It’s October here in Australia, and although that means the delightful warmer weather is approaching, some of us who suffer from hayfever dread the spring months.

In actual fact, it would be a hayfever sufferer’s worst nightmare to run through a field of flowers like these – imagine all that pollen, no thank you!

field - hayfever - spring

Hayfever is the reactive swelling of the inside of the nose that’s the result of someone’s sensitised immune system wrongly identifying pollen, dust and other particulates as a threat to the body.

Its often uncontrollable and uncomfortable, but luckily we have options of treatments to relieve the symptoms.

While many Australians are already experiencing symptoms of the pollen in the air, its expected to only get much worse.

Botanists are predicting this season to be one of the worst in Australia’s history.

Never fear, we have NSW’s leading ophthalmologist, Dr Kerrie Meades top 5 tips for surviving the hayfever season:

  1. Keep windows shut early in the morning – pollen is often released in the morning. In order to ease the exposure of pollen, remember to keep your windows closed in the mornings, and open them later throughout the day to dilute the air.
  2. Start washing your eyes – We make a habit of washing our face, and this same ritual should be applied to our eyes as well, especially hayfever sufferers. Your local pharmacist will have eyewash available to help relieve both allergy related and dry eye.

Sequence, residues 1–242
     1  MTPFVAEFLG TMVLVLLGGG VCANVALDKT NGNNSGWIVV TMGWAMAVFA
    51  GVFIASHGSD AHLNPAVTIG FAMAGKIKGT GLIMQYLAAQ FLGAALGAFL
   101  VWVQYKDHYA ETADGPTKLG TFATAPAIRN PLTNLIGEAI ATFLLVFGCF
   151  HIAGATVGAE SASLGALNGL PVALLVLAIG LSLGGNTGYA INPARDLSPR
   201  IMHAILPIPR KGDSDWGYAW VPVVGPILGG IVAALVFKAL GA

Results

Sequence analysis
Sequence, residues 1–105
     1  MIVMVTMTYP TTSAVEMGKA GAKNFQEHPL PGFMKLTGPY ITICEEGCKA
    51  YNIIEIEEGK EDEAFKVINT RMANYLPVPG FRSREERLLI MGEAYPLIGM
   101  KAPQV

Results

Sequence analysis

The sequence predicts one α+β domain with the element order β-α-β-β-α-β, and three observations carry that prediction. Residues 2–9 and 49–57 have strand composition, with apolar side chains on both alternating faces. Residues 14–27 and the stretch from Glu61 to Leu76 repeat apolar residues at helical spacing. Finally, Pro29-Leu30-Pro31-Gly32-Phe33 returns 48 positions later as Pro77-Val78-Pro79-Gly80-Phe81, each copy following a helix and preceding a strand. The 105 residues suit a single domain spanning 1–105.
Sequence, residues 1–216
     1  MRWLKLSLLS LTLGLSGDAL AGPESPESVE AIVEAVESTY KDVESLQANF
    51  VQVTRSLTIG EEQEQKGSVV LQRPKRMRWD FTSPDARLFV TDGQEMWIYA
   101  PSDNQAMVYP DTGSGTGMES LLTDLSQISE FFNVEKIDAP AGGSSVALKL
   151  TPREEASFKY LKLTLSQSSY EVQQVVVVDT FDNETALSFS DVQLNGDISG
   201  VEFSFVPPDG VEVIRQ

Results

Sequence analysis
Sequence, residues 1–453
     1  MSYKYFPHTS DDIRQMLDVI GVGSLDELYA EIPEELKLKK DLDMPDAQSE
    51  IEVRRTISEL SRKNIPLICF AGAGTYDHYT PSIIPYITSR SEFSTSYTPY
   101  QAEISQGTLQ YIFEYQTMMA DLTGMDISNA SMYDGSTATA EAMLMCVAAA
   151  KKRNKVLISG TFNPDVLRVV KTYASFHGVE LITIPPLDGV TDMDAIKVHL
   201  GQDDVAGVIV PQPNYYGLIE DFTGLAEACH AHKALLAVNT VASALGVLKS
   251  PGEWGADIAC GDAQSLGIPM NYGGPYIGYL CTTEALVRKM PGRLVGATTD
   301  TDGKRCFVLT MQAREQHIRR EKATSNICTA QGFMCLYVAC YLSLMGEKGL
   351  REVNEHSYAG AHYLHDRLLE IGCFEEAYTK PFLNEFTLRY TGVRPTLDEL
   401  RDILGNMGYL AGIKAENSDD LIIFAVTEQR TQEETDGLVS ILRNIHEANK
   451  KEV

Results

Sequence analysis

3. Avoid air conditioning – Moisture in the air dramatically decreases when the humidity is low, this is a result of air con being turned up too high. To avoid this from happening try decreasing the use of the fan.
  4. If you have pets, keep them outside – generally this rules only applies if you have outdoor pets and allow them inside for extended periods of time during the day. Your animal can actually bring in outdoor allergens into the home.
  5. Speak to a professional – to find the best possible treatment for your hayfever visit your GP and have them assess you as hayfever can affect people differently. Your doctor will be able to then come up with a plan for you to manage your hayfever and keep it all at bay.

If you want to learn some more facts about hayfever or you suspect you may have it, visit MyHayfever online for more information.